The woman who cheats on her deployed husband.. Women still have been assigned terrible labels and stereotypes if they play to this trope. Just scroll down and read some of the [warning: explicit] comments at the bottom of that linked post. The responses to the person who wrote that post aren’t, I can’t think, truly protecting a divinely inspired sense of morality.

But a culturally imparted morality used to keep certain segments of our population in control.

I wonder then if Friedrich Nietzsche, when he writes in Geneology of Morals, “Morality seems bound up with obligation, with codes and rules, and somehow I don’t see the ‘blond beasts of prey’ kowtowing to rules (any more than to a social contract),” speaks of how the blond beast of prey, is that next step is breaking free from moral contracts. How women like Deborah are treated in real life, in the novel, is cruel and sickening, and to say it comes from a place of morality is merely a perversion of morality. If Deborah sees herself as unfit to be a mother, a Wife, then she has that right to be who she is without the constructs of a puritanical society shaming her into a place of isolation. Isolation, namely, from all relationships except those of a sexual nature.thou_shalt_vs_i_will_by_shton-d853mhw

Morality is a cultural code. And I wonder, looking at Nietzsche’s quote again, if he believed in not morals (or better morals), but this evolution of the metaphor of the lion (the blond headed beast), and ultimately the child–which makes us better people. Not better moral constructs.

Mrs. Chalmers

Mrs. Chalmers, one of the many interesting characters in Marghanita Laski’s To Bed with Grand Music, is a widow whose husband died while serving in the navy. When we discussed the various categories of women in the novel (mother, wife, mistress, and widow), the only widow we discussed was Mrs. Betts. I think it is important to consider the role Mrs. Chalmers plays as well. She is a widow without children of her own, that would seem to make her redundant (in this society) since she cannot fill either of the two roles Mrs. Betts prescribes to women—wife and mother. Mrs. Chalmers, one might guess, is free. She appears to be a woman outside of the strict categories imposed on her by society. Mrs. Chalmers, however, desperately tries to be a mother to Timmy. There are several moments throughout the text where Mrs. Chalmers feelings about Timmy are clear. Quite early in the text, though, Mrs. Chalmers agrees to Deborah going to London to look for a job. The narrator informs us that she would have agreed to anything “so long as it would bring closer her ultimate possession of Timmy” (Laski 20). Mrs. Chalmers doesn’t simply care for Timmy; she wants to possess him. Her desire to own Timmy reflects a desire to go back and fill the role she missed, the role of mother. Despite her opportunity to escape, Mrs. Chalmers tries desperately to fill one of the two roles, as if there is nothing else for women at this time. Mrs. Chalmers does not know what to do or be if she cannot be either wife or mother. Interestingly, Deborah, who is both a wife and a mother, is the one who is able to escape these strict female roles. Deborah can escape her role as mother because Mrs. Chalmers is there to be mother to Timmy.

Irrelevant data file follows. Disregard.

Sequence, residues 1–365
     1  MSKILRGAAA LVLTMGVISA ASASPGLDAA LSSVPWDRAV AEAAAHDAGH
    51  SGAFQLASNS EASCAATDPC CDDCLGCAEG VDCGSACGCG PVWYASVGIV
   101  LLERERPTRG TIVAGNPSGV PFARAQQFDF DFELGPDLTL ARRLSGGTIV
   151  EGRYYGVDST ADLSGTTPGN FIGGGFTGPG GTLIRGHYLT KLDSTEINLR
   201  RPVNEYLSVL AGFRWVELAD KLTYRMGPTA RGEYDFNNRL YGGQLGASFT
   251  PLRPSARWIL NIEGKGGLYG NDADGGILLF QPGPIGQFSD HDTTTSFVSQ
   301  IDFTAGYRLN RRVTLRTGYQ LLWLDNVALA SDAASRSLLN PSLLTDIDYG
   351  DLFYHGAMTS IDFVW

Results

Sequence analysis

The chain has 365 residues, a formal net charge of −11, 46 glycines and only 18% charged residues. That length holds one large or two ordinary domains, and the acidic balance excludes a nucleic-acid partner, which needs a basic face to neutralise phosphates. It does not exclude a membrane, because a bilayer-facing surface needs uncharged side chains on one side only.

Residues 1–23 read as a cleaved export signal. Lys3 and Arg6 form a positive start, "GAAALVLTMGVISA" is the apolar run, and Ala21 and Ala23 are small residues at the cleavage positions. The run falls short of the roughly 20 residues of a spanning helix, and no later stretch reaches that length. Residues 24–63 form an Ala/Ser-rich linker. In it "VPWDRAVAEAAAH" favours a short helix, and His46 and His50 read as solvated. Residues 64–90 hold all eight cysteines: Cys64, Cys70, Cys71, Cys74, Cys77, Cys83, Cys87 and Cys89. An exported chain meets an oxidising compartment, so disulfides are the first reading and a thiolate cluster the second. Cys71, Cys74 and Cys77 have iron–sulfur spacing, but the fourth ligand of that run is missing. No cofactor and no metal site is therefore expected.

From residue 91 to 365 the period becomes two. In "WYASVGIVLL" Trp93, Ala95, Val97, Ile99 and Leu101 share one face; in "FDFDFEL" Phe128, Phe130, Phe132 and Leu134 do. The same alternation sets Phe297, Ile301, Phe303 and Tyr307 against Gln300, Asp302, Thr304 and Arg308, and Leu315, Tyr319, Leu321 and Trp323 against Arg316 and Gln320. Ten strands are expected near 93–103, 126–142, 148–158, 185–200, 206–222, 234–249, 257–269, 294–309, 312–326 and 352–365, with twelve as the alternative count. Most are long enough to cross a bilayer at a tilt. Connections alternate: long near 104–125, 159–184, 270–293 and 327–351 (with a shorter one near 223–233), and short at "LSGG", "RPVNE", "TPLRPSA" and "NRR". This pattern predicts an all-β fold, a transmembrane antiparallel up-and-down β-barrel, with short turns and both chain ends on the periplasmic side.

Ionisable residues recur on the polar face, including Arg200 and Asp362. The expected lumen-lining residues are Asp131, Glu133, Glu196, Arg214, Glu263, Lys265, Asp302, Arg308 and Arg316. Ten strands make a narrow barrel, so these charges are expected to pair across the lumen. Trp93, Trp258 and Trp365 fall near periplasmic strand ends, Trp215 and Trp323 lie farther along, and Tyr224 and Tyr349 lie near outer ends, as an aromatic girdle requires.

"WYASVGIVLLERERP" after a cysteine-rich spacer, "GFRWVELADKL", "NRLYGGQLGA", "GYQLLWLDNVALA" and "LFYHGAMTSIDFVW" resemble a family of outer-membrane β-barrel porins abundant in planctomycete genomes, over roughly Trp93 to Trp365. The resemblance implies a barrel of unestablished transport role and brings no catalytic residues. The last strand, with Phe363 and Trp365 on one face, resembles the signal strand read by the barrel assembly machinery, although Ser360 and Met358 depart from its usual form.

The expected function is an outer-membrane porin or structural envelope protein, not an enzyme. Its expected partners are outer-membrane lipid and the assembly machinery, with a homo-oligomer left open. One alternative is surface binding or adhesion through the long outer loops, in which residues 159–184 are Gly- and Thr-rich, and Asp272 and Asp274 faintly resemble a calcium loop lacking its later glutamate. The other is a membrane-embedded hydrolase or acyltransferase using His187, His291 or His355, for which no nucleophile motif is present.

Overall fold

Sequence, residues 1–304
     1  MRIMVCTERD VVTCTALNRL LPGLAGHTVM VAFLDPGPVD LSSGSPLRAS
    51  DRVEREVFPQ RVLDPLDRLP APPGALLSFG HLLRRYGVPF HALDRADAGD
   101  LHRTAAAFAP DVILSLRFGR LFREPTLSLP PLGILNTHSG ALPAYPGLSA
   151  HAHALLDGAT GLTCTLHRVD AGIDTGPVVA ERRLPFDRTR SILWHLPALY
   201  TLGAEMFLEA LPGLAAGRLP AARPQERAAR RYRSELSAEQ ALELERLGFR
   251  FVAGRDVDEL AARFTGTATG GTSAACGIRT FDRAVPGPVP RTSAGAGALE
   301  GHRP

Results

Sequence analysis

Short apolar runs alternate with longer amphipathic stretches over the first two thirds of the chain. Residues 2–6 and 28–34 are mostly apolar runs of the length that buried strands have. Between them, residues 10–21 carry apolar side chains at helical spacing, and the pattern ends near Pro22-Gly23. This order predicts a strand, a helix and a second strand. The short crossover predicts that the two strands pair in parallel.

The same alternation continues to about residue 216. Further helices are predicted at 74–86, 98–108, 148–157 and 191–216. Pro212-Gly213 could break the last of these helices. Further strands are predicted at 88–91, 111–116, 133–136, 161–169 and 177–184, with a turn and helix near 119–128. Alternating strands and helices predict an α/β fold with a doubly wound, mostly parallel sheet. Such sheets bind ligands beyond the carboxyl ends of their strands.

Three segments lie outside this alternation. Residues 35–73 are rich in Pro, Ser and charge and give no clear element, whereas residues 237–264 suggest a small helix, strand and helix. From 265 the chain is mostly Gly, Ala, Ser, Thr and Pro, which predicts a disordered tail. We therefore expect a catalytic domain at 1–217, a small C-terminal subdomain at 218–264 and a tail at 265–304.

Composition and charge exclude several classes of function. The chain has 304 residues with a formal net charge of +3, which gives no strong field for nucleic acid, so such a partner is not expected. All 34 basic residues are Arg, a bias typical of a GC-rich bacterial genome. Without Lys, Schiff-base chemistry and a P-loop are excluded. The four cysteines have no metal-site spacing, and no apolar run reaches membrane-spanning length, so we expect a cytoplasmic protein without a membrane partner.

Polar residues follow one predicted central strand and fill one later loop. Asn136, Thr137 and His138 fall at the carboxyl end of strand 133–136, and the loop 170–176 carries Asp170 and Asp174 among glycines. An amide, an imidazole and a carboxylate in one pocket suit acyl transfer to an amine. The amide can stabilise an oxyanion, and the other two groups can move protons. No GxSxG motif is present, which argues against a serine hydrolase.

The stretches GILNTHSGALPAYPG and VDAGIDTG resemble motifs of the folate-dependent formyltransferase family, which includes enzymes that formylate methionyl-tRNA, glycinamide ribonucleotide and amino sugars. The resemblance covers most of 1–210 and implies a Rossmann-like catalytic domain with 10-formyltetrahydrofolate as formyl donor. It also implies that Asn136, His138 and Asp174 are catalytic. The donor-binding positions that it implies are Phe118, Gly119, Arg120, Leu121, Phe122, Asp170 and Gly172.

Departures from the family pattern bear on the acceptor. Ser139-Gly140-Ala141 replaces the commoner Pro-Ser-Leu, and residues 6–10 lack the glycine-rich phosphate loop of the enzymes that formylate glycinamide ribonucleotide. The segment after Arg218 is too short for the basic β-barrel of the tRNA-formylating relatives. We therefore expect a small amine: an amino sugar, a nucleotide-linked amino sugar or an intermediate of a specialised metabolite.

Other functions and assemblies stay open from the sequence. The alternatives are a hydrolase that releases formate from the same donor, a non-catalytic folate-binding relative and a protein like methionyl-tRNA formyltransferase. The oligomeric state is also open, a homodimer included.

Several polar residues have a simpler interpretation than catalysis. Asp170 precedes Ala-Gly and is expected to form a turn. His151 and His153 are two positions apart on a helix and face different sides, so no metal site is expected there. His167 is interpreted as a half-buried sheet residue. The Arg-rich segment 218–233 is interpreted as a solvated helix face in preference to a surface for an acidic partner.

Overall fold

Laski, Marghanita. To Bed with Grand Music. Persephone Books, London.

-Rebecca